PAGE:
D&D General Do We Really Need Multiclassing?

Perhaps something like the following (provisionally), a Basal Technique (something you can take at an early level.)

Grasp of the Storm
Range: 30'
Target: One creature
Action: Attack (can replace one attack in the Attack action)
Combat: Make a spell attack against a creature you can see within range. On a hit, deal your weapon's damage as lightning damage, and pull the target adjacent to you. You have advantage on this attack roll if the target is unable to move under its own power. If the target is physically fixed in place and cannot move, it instead takes an additional 1d8 bashing damage, and does not move.
Utility: Outside of combat, you may use this technique to pull willing creatures or objects across gaps or hazards, and with enough skill, do so without any harm done to them. Instead of an attack roll, make an Arcana check against a DC equal to the target's weight in pounds divided by 10 (minimum 5.) On a successs, the target is pulled up to 30 feet to a space adjacent to you. If the roll fails by less than 5 points, you still pull the target to you, but it takes lightning damage equal to your weapon damage. If the roll fails by 5 or more, the target does not move but also does not take damage, and is immune to this technique for one hour due to static electric buildup.

This provides niche but useful utility outside of combat, while still capturing the core essence of the effect. It notably does not use a saving throw; hitting with the attack is enough. Dealing weapon damage as lightning damage also means that a Swordmage with beefier weapons has scarier attacks, which seems reasonable to me.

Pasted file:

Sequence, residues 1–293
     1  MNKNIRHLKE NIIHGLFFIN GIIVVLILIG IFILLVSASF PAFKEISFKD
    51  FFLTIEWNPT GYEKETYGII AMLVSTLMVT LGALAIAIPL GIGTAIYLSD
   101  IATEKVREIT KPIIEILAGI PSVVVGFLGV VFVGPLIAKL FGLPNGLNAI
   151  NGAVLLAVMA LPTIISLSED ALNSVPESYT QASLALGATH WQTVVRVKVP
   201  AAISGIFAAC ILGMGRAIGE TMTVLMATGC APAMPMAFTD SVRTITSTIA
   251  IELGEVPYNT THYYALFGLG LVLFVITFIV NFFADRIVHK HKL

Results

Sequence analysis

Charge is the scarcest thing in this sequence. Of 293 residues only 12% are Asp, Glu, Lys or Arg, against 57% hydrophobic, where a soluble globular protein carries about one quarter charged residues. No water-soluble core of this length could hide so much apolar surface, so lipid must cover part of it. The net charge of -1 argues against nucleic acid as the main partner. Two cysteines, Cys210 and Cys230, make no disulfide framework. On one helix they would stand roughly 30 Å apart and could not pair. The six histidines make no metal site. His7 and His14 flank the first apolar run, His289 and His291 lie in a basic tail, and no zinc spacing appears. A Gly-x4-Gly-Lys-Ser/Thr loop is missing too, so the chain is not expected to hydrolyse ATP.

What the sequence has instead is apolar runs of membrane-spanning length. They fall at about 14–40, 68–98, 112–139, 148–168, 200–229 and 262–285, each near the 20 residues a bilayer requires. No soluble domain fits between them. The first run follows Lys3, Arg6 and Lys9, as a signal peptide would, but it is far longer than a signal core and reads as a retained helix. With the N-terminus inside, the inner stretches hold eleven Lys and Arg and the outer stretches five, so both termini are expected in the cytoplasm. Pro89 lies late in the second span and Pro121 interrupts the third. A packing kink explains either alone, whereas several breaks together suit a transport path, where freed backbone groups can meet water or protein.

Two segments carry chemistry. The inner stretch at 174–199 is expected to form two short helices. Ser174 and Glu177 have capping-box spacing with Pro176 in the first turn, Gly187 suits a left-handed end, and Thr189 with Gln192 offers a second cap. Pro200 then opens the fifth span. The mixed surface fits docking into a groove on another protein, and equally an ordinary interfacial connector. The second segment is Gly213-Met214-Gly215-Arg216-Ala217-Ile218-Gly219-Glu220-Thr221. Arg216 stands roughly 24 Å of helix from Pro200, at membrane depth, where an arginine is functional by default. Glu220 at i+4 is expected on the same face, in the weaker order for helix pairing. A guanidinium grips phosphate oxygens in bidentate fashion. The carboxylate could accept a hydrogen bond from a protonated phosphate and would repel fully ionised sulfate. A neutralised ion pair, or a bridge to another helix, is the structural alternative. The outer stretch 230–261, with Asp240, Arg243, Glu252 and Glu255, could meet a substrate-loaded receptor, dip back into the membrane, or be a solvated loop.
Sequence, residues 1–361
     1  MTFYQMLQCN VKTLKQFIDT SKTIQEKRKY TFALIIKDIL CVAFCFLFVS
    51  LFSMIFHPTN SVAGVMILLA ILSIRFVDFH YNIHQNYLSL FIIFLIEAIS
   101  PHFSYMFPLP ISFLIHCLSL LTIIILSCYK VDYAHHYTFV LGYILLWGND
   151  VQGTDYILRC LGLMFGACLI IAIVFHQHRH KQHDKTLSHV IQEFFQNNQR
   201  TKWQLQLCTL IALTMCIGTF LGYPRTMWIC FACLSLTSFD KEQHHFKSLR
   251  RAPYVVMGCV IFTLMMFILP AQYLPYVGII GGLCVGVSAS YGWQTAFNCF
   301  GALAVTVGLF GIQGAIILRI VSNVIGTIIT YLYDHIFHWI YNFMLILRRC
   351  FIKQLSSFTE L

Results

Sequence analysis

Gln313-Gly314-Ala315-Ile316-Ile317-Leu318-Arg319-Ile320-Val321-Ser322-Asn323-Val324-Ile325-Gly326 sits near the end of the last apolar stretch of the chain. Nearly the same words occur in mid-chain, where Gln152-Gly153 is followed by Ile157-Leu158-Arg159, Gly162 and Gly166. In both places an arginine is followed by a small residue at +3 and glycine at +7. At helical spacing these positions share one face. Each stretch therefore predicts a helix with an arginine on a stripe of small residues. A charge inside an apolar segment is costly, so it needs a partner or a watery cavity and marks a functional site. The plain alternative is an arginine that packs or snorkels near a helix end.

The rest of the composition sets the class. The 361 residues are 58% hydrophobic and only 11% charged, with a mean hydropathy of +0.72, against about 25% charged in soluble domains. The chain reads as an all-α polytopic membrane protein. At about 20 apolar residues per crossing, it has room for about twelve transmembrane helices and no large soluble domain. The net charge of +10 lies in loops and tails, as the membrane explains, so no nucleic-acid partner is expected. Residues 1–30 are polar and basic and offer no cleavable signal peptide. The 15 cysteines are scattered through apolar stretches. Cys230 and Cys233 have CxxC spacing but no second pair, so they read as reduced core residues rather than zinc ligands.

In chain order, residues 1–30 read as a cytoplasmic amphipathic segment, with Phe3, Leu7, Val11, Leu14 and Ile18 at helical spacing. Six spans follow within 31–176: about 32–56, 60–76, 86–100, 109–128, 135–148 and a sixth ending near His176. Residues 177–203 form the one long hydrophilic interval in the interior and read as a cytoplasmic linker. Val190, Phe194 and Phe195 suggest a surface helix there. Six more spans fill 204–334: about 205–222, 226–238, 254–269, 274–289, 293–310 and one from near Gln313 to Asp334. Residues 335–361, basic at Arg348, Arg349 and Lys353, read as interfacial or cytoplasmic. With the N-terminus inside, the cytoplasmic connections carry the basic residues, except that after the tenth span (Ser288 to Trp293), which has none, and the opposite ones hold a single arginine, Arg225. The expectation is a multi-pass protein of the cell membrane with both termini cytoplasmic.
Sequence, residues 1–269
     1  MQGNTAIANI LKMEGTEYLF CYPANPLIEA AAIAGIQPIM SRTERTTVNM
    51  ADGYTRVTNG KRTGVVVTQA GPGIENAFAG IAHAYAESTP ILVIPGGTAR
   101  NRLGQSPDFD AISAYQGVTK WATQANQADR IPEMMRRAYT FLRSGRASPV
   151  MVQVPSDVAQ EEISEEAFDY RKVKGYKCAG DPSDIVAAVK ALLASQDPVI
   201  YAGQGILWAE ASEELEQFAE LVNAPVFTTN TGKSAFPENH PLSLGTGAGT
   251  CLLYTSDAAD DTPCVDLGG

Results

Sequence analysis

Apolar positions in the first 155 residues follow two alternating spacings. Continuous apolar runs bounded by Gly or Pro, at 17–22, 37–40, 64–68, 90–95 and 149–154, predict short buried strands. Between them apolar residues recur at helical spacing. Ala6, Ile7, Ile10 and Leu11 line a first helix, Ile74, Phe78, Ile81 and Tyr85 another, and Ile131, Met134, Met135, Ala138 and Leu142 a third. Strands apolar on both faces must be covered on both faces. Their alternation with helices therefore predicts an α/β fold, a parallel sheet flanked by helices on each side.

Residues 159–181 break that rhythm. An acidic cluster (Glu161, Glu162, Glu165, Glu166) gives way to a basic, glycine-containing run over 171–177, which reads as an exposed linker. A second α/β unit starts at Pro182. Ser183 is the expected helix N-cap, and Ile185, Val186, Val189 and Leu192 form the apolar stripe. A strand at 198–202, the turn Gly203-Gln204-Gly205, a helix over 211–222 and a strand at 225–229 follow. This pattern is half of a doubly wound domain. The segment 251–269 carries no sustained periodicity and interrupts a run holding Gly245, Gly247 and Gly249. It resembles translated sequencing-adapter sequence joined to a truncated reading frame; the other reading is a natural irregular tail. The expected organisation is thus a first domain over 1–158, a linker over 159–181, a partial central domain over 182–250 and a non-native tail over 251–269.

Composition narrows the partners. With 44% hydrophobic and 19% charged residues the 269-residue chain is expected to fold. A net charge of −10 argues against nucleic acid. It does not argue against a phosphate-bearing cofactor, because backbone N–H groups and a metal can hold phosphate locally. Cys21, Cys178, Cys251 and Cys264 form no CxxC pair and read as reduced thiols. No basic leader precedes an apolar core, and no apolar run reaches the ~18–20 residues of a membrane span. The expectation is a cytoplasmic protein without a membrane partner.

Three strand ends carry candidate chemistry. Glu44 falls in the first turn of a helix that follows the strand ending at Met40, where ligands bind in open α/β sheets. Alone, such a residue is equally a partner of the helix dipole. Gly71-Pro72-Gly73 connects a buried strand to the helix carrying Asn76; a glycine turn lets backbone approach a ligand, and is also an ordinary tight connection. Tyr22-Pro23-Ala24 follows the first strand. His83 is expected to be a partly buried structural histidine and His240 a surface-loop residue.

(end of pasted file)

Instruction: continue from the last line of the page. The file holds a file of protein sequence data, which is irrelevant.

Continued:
Nice. :) Could a Swordmage use this magical combat maneuever every turn like a cantrip, or would they need to take a short or long rest before they could use it again? It looks like this maneuver blurs the line between fighting with a weapon and spellcasting.
 

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EzekielRaiden

Follower of the Way
Nice. :) Could a Swordmage use this magical combat maneuever every turn like a cantrip, or would they need to take a short or long rest before they could use it again? It looks like this maneuver blurs the line between fighting with a weapon and spellcasting.
This would be every turn, which is balanced against the fact that it doesn't auto-scale the way cantrips do (and, well, the fact that the utility effect is only really useful if things aren't already adjacent to you.) But yeah if you (say) went Fighter 2/Swordmage 5, you could potentially pull 4 enemies to you in a single round if you hit all of the attacks.

And yeah, the idea is to have a class where you can't necessarily disentangle the sword from the mage.

There's a conversation in GW2 that I find very meaningful on this topic. Two humans are discussing their problems with centaur bandits, and one is trying to be open-minded in a painfully naive way:
Villager (1): I just don't understand centaurs.
Villager (2): What's there to understand?
Villager (1): They're half human. By attacking us, they're attacking half their own kind.